Nothing seems more important to me for success in retail banking than closing the “experience gap,” the negative difference between customers’ expectations and their actual experience. This gap was first pointed out to me 20 years ago at a presentation by PNC. Two slides, in particular, were eye-opening. The first showed a series of metrics that PNC used to measure how well it thought it was doing at specific aspects of customer service, such as the wait time before a call was answered. By PNC’s measurement, it was doing very well, with all the measures in the 90% or more range. Then the mic-drop slide: it showed customer responses to how they believed PNC was doing in delivering those same activities. The customer survey results were 40 to 60 percentage points lower than the company’s internal evaluation. That’s quite a gap.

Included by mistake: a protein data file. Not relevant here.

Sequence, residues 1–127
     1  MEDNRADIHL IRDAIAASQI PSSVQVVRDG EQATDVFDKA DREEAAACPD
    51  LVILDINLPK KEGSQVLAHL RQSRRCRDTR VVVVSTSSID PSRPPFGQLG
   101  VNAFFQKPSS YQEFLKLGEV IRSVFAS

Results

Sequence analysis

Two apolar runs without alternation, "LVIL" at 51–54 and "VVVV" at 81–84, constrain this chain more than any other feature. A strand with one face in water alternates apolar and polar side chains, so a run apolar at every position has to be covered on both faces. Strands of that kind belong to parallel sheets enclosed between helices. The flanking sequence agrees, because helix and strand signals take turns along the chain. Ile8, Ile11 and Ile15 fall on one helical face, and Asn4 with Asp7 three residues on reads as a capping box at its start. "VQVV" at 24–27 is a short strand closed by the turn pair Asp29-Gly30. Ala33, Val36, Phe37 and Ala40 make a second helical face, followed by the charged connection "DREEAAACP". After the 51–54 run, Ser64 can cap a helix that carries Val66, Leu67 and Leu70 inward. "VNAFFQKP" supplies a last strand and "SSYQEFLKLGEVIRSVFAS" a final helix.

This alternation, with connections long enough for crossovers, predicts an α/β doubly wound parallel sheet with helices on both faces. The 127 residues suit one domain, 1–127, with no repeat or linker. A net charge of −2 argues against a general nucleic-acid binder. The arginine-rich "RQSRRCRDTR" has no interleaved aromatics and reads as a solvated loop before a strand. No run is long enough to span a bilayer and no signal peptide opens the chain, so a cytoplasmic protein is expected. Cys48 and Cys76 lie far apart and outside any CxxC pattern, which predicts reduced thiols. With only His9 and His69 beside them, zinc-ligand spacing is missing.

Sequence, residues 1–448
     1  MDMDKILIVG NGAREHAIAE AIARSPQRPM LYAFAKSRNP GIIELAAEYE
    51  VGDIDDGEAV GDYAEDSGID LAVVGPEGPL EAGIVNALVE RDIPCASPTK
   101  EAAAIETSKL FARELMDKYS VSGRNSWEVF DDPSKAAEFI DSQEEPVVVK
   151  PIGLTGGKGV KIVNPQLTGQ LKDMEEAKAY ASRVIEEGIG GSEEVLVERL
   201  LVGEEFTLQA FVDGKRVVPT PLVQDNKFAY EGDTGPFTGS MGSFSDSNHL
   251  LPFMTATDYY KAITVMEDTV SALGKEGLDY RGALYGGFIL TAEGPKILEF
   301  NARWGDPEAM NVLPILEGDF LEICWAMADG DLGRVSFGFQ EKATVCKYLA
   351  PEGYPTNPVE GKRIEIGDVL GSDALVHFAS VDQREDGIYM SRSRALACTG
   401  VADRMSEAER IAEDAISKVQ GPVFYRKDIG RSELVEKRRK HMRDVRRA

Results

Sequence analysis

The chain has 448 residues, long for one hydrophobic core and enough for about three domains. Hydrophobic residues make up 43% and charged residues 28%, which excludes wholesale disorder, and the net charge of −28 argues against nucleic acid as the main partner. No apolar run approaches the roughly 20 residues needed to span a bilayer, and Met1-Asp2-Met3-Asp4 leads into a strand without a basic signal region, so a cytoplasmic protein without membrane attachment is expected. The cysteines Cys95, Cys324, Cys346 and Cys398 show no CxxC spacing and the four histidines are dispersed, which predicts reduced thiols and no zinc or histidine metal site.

More recent data from a Salesforce survey on the current state of banks’ experience gap isn’t so encouraging: consumers say they expected that banks, because of the pandemic would raise their game—but they don’t believe they have. Consumers are very worried about their long-term financial position, for instance, but they don’t believe their bank is concerned about them.
My view is that some huge winners in financial services will emerge over the next few years, in large part as some banks figure out how to meet customers’ heightened expectations by, for instance, personalizing financial services down to the individual level. One-to-one marketing was a concept born in the 1990s, but will become a reality in the 2020s. What do you think?